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Carl Herberger, former Pentagon advisor says that cyber-criminals have developed more advanced means of attacking companies and governments.

Security

STRESS

Carl Herberger – former Pentagon security advisor and vice president, Security Solutions at Radware talks Network Middle East through future threats facing enterprises Cyber-crime is getting worse and cyber-criminal’s tactics are getting more and more advanced, according to Carl Herberger, former Pentagon security advisor and vice president, Security Solutions at Radware, who says that companies need to watch out for targeted attacks and attacks against physical infrastructure. “If you have attended the Black Hat conferences and listened to the strategies from cyber-warfare centres on cyber-warfare, the

cause physical problems with attack techniques,” he said. During Black Hat events over the last two years, there have been techniques shown that illustrate how cyber-criminals can take a security vulnerability and turn it into a security problem. Demonstrations showed how a cyber-gang can actually physically overheat a device to set it on fire. “In some cases a battery on a cellphone was set on fire and in some cases a printer engine,

“[targeted infrastructure attacks] will not only increase, in terms of their ferocity, but their tactics will change so that you can actually cause physical problems with cyber security techniques.” conception is that these attacks [targeted infrastructure attacks] will not only increase in terms of their ferocity, but their tactics will change so that you can actually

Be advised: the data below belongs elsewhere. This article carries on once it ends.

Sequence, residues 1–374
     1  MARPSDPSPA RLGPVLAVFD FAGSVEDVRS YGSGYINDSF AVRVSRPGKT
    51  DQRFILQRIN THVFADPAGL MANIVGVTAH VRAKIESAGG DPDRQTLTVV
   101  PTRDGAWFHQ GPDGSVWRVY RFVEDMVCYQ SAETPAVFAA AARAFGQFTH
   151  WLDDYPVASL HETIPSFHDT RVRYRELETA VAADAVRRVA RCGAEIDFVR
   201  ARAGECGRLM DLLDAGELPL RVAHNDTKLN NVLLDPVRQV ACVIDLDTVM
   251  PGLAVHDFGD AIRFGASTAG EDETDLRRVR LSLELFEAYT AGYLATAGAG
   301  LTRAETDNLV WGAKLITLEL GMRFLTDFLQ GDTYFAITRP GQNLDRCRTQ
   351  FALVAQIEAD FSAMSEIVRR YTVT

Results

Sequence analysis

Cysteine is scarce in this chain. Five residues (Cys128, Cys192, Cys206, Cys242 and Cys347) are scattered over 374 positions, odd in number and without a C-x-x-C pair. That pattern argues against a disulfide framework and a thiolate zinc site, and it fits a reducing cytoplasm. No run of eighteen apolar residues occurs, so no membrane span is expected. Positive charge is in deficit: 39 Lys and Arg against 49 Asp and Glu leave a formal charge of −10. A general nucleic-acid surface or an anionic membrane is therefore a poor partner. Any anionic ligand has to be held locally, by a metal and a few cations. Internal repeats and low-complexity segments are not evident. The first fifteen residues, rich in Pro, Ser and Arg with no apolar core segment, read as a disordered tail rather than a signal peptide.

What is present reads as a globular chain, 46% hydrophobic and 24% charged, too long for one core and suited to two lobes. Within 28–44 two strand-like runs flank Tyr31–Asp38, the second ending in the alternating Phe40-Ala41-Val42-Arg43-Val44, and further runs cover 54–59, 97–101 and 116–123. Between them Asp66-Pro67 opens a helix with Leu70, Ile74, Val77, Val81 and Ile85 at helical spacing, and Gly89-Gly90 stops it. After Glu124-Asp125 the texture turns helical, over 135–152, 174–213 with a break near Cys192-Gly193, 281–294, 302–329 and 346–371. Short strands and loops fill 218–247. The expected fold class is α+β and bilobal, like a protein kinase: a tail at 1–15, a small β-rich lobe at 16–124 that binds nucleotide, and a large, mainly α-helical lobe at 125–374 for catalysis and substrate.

so now someone can target a vulnerability in a data centre and cause a tragic physical problem. These are the things that are worrying people,” said Herberger.

Since viruses like Duqu and Stuxnet have been effective and efficient, cyber-criminals will also be looking at these virus structures and trying to work out how to use them for their own attacks. “Stuxnet illustrated some really neat concepts to people that are up to nefarious things. The virus illustrated how a cyber-criminal can combine a multi-vector, multivulnerability engineered hack, together with a couple of zero day threats, a couple of vulnerabilities, a mission and some flexibility in design, and can achieve the attack you want,” said Herberger. Cyber-criminals have also recently developed an update to the Low Orbit Ion Cannon (LOIC), an open source network stress testing and denial-of-service attack application, written in C#. LOIC was used extensively by hacker group Anonymous in 2011 and 2012. The new update, the High Orbit Ion Cannon (HOIC), enables attackers to multiple targets at once.